Whether or not Germany, as some recent news articles have suggested, has been disinclined to acknowledge its leadership role in Europe’s prolonged economic crisis, it is no great secret that the country has been Europe’s backbone over the past years.
Naturally, this has been and still is a huge burden to take on, one that would be best shared with at least one other country. But even though Europe is slowly hobbling forward now, Germany continues to play a pivotal role in the continent’s healing process particularly given the weakening state of the French economy. And though recent economic forecasts have highlighted some wear and tear on the German economy (the International Monetary Fund revised its GDP growth forecast for the Germany economy this year from 0.6% to 0.3%), experts incuding Anatoli Annenkov, senior European economist for Europe at Societe Generale in London, are nevertheless positive on Germany’s resilience thus far and its ability to continue carrying the load.
“We have taken a generally positive view on the German economy, although we had expected a fairly stronger rebound in Q1 this year,” Annenkov said. “Although private consumption has been driving growth, Germany did experience negative headwinds from the recession in the rest of Europe and several uncertain factors that happened over spring, like the Cyprus bailout, and these, combined with unusually cold weather, did have effects on Q1, but should lead to a rebound in Q2.”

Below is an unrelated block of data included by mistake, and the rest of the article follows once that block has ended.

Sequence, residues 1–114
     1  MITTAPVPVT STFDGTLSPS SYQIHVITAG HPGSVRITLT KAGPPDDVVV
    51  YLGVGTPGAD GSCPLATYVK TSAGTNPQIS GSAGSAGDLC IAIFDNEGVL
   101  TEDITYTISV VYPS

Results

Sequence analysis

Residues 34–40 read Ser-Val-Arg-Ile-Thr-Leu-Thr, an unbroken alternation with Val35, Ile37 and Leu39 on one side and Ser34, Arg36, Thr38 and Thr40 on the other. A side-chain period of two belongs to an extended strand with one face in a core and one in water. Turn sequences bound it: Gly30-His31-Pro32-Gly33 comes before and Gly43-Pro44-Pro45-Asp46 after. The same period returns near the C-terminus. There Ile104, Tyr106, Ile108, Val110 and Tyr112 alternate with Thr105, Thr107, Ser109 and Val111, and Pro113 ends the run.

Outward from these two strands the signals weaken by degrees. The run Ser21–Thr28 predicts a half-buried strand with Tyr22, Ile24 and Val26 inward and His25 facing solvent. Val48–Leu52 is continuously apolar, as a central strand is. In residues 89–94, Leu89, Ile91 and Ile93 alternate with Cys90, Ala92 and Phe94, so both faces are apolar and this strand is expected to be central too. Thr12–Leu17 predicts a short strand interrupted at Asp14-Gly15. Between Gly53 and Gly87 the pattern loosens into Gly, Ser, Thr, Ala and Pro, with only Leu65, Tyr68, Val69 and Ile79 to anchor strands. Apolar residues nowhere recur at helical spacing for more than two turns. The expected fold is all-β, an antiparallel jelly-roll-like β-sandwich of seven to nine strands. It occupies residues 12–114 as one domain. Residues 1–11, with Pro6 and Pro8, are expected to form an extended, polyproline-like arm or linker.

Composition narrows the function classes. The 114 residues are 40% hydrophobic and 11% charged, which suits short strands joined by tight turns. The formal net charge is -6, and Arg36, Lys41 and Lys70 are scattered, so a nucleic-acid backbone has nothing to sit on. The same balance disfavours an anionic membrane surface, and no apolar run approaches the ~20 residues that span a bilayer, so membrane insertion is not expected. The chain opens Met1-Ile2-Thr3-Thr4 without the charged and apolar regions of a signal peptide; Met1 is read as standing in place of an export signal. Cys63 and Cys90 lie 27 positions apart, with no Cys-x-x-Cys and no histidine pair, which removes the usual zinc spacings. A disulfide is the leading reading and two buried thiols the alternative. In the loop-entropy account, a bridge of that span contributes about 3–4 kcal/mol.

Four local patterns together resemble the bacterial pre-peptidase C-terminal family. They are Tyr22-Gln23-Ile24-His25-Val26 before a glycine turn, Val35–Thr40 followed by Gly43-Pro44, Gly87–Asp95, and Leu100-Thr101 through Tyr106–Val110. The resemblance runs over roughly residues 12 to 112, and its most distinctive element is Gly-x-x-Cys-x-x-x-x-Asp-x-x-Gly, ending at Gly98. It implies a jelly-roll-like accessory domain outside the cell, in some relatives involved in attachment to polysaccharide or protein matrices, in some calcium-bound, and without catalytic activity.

Overall, of course, second half growth for Germany will be low at a forecasted 0.3%, but this “fits into the general image of Europe,” Annenkov said, where economic recovery is happening slowly. But Germany continues to have more resistance than other countries in Europe, he said, not least because its exports are more diversified than those of other countries. “So if the US is recovering, as we do expect, then Germany’s export sector should improve in the second half,” he said.
In fact, Germany’s greatest strengths have much to do with its highly competitive export sector, Annenkov believes, which generates healthy external surpluses, and a well-balanced fiscal framework that has resulted in sound public finances. In addition, Germany avoided building up excessive private sector debt and reformed its labor market in the last decade and this has given the economy a strong foundation.
“The challenges will be to maintain these comparative advantages, especially in light of a rapidly aging society – something that will require ongoing reform efforts,” Annenkov said.